Tuesday April 4, 2006
22 days to M-day
It was rather bracing in Skegness today.
Not so bad in the sheltered spot housing the town dump [domestic recycling centre] that was our main reason for visiting, but when we got to the Tesco’s car park the wind fair whistled round us, tugging and probing, doing its best to get inside clothing and chill the man inside.
“I think we’ll give Harry Ramsden’s a miss today,” I said. “I know it’s probably our last chance for a good old-fashioned fish’n’chips lunch on the sea front but it’ll be freezing out there.”
“Suits me. Perhaps you’ll be able to pop over some day next week or the week after and treat yourself.”
“We’ll see. Home?”
“Yup. Still got stuff to do.”
There are two trips I’d like to make during the fortnight when Graham’s away. To Skeggie, for fish’n’chips, and to Digby, for a slow drive past the RAF station where I spent the bulk of my military service in 1960-63. RAF Digby was the place where I stopped being a kid and started being an independent adult, and much of my joined-up thinking started while I was there. I still dream about it. I’ve no desire to visit, to totter with my stick along the paths over which I ran to feel the wild wind of youth. I might find that far too sad an experience. I’d like to get a glimpse, though, and this is likely to be my last and final chance.
Hmmm. Anyway, I shall leave the exploration of those memories for a more relaxed time when we’re resettled.
We called into Spilsby on our way home, so Graham could visit the home branch of his bank and arrange for his change of address. I sat in the car park, quiet and thoughtful. We both of us like Spilsby greatly and, with the benefit of hindsight, rather wish we’d gone for a house on the outskirts of the town.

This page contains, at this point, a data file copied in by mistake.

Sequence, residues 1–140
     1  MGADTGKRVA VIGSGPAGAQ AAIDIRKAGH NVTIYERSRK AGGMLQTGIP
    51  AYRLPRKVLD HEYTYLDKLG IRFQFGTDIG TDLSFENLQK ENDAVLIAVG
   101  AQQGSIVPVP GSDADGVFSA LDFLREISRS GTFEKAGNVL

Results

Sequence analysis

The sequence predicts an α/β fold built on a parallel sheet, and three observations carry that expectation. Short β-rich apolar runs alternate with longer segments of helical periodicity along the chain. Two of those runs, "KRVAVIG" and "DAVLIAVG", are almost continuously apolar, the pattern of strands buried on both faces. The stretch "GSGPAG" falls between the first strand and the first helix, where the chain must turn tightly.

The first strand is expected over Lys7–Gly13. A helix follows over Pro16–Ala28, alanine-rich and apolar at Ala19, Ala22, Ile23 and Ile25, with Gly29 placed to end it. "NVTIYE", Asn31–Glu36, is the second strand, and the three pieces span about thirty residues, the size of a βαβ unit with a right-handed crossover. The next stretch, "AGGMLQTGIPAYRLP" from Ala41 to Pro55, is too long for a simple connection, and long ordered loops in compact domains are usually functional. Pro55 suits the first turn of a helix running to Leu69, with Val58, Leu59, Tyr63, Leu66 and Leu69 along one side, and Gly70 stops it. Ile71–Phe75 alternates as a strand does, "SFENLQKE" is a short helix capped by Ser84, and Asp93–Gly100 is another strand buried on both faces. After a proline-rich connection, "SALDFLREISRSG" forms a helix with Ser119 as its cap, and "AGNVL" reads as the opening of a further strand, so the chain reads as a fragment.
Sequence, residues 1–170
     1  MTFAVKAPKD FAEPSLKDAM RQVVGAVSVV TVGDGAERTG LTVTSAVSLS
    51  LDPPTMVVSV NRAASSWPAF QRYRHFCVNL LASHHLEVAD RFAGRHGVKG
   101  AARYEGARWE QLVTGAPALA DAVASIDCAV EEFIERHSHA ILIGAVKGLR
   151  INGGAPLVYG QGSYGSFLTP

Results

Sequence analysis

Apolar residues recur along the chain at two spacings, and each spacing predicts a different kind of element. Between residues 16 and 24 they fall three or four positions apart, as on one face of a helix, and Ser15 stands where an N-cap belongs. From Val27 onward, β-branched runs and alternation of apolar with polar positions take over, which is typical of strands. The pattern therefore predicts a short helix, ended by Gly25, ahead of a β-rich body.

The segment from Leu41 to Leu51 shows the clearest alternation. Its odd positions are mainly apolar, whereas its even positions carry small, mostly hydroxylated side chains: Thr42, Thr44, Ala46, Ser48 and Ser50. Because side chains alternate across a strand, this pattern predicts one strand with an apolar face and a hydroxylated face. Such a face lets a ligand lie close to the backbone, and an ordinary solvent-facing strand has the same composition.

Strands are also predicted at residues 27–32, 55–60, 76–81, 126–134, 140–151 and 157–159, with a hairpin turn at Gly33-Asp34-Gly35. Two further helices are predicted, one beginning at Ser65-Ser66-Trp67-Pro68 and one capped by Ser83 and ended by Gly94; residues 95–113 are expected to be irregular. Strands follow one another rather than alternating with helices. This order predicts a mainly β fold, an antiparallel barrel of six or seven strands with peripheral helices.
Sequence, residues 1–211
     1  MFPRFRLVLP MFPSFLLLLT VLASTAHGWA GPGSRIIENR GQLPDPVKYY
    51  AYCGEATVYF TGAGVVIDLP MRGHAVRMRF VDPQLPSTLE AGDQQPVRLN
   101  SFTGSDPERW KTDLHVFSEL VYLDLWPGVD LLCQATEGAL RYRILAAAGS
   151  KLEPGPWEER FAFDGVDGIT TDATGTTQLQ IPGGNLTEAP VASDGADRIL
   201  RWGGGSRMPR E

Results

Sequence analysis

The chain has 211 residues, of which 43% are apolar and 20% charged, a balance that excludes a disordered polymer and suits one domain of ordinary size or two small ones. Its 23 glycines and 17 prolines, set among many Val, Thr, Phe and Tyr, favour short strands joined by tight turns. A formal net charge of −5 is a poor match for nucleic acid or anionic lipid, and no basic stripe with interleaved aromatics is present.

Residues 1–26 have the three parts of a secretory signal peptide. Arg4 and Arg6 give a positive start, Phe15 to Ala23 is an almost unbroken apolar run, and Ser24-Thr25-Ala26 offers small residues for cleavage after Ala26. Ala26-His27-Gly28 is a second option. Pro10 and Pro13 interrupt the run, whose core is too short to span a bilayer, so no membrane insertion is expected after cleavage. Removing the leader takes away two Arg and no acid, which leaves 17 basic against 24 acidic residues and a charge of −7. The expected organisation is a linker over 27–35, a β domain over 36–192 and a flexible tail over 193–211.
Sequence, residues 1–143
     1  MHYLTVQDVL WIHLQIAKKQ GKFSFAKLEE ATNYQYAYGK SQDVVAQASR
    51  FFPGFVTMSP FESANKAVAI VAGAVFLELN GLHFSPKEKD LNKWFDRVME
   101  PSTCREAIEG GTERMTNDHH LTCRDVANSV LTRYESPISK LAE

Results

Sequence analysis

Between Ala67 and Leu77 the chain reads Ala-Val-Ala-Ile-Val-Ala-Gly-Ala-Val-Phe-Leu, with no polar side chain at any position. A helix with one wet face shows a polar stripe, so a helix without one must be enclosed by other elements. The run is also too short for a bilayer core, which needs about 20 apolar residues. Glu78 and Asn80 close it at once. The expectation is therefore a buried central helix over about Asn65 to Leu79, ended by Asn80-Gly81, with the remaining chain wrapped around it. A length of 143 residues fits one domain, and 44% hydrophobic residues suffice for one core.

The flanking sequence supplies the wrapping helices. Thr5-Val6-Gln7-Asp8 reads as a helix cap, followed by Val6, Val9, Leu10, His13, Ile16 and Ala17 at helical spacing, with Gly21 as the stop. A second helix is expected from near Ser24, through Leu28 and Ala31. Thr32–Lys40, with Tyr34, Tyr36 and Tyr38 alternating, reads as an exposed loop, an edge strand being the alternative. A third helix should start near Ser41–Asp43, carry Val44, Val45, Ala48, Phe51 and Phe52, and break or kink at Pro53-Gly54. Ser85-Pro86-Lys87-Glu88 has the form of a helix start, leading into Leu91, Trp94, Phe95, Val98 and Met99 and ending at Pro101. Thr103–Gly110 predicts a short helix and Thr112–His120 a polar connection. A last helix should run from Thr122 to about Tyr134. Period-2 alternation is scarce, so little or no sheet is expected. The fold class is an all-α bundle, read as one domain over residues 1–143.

He was rather thoughtful, too, on the final leg of the drive home.
“Penny for them?” I asked, seeking to break the silence.
“I was trying to think of a way to avoid you having to drive the van all the way back on your own.”
“Oh, I’ll be fine. Don’t you worry about it. And there’ll be only one more trip left when it’s done, a one-way one, too.”
“You don’t like long distance driving any more, even when I am with you.”
“True. I can still do it, when need arises, but all the fun went out of it a long way back.”
“Even so, I wish there was an alternative.”
“We could hire a man with a van, but it’d cost a great deal more than a simple van rental.”
“Perhaps we should have done that.”
“Nah. We’ve made our plan and we shall have to live with it.”
“There’s more than one kind of truth in that.”
“Sure is. Sort of a BOGOF [buy one, get one free] deal.”
We both of us laughed greatly at the thought, ending with a strict injunction from Graham for me to watch the road.